What Color is Your Underpainting? The Monochromatic and Two-Color Methods


A traditional underpainting is monochromatic, made with a single pigment color that is chosen in response to the color of the scene. Here a warm golden undertone of raw sienna wil harmonize with the many warm colors found in the scene.

As any of my students will tell you, I am a great advocate of starting a painting with an underpainting. Also called a block-in or wipe out, the underpainting develops the composition, placement, and value relationships at the outset. It’s the ultimate foundational approach.

I present the underpainting technique step-by-step in my book, Landscape Painting: Essential Concepts and Techniques for Plein Air and Studio Practice. In this article, I’d like to address a specific aspect of underpainting in greater detail: What color should the underpainting be?

Underpainting is typically monochromatic — it’s made with only a single pigment color. The pigment is applied thinly, in an additive and subtractive manner, to achieve a full range of values. The particular pigment color, however, is a color so it will profoundly influence the color direction of the painting.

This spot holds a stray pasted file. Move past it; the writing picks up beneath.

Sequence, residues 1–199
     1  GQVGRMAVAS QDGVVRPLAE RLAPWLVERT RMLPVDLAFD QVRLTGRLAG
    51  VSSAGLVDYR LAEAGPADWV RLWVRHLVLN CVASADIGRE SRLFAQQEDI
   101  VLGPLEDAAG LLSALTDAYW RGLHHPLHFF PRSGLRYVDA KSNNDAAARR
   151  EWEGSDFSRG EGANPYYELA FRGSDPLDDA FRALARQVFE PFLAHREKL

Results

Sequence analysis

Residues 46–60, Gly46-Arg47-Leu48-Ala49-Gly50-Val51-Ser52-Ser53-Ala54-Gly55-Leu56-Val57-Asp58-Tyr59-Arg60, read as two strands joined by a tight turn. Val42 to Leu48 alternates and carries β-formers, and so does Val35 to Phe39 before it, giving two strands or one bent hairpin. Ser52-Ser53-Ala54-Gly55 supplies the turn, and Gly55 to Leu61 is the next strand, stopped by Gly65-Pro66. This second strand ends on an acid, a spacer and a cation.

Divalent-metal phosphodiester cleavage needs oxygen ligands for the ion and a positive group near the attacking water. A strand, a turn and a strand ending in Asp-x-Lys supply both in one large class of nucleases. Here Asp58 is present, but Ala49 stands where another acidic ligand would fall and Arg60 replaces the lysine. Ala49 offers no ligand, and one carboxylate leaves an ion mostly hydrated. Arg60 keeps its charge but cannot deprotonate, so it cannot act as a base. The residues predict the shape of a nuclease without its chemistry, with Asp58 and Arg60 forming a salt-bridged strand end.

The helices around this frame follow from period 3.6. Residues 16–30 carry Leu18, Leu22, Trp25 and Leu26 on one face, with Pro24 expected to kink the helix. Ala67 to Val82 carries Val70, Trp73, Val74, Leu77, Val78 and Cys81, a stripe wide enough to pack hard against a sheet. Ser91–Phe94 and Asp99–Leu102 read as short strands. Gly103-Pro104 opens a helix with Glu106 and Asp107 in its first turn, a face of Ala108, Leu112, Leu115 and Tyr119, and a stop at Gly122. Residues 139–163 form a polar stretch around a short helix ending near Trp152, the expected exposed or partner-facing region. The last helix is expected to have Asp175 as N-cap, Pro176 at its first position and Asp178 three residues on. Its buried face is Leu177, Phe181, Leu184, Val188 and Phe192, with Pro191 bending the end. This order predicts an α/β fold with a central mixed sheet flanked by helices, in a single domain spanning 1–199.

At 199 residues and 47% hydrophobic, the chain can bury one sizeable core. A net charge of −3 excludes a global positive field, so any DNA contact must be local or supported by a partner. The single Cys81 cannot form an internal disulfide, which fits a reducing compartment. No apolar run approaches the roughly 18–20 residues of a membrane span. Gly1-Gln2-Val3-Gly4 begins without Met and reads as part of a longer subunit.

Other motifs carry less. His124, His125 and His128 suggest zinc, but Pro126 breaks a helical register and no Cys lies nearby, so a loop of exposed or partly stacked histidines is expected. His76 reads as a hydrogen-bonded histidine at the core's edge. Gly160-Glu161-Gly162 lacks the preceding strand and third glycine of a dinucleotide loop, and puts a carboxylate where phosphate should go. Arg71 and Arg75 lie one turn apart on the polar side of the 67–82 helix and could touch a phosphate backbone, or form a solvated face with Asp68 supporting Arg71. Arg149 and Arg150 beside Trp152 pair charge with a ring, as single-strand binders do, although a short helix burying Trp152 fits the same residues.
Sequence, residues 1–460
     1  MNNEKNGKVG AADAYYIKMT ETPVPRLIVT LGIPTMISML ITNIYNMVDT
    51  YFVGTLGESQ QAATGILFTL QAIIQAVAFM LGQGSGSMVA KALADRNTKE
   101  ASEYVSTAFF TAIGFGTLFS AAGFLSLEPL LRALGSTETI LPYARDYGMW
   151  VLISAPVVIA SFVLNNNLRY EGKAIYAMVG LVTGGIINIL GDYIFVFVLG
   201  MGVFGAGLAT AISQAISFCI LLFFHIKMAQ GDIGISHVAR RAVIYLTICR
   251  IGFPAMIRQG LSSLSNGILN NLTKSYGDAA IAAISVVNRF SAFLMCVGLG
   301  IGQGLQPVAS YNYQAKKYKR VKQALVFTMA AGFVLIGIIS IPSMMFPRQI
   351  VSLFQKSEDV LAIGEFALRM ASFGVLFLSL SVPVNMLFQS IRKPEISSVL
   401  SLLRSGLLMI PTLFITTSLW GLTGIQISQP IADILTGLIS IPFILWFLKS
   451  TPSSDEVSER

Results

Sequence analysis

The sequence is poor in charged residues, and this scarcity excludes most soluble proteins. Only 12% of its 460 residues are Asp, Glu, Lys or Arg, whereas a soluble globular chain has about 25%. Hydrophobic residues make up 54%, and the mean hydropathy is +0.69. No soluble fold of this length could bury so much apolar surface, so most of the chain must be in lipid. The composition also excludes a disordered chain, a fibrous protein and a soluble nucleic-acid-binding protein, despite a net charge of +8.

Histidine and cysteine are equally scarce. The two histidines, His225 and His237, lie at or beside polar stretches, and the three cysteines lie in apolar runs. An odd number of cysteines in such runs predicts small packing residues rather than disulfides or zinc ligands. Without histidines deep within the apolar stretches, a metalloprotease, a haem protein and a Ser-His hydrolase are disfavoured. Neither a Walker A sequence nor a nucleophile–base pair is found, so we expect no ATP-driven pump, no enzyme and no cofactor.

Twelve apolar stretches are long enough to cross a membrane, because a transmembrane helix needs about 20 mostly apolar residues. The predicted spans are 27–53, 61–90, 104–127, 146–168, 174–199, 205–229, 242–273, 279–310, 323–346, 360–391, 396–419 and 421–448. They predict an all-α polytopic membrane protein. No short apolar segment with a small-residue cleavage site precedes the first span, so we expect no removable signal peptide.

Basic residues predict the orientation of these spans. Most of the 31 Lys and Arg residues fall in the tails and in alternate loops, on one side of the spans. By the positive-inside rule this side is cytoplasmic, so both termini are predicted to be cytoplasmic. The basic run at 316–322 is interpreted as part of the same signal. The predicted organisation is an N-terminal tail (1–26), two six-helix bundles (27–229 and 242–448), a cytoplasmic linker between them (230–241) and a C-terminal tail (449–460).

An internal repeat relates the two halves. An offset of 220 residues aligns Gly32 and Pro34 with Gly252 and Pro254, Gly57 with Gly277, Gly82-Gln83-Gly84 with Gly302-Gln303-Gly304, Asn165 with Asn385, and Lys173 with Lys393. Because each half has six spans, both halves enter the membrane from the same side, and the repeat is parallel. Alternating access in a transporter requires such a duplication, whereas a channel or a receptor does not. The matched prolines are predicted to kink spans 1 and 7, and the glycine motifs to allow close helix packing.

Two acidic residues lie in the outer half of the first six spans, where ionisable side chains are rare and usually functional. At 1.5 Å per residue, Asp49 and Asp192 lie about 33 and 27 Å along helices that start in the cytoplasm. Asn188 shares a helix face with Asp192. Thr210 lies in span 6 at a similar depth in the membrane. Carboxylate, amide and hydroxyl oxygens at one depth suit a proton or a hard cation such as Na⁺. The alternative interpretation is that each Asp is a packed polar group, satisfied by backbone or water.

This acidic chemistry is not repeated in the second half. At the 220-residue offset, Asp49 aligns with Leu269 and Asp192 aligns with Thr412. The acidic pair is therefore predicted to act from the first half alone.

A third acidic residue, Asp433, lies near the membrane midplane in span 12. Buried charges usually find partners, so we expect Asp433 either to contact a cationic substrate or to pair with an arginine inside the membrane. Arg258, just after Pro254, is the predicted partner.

There are three general approaches to choosing a color for the underpainting. Two approaches are monochromatic: one uses a color that is similar to the dominant color of the scene; the other uses a color that contrasts with the overall color. The third approach is called a two-color underpainting, which I’ll discuss last.

There are many colors that are traditionally used for underpainting: burnt or raw umber, burnt sienna, or ultramarine blue. Almost any pigment can be used as long as it is capable of producing an adequate value range from light to dark. Yellow or medium-toned pigments, for example, cannot do this. The broader question, however, is whether the underpainting color should be similar to the dominant color of the subject, or contrast with it?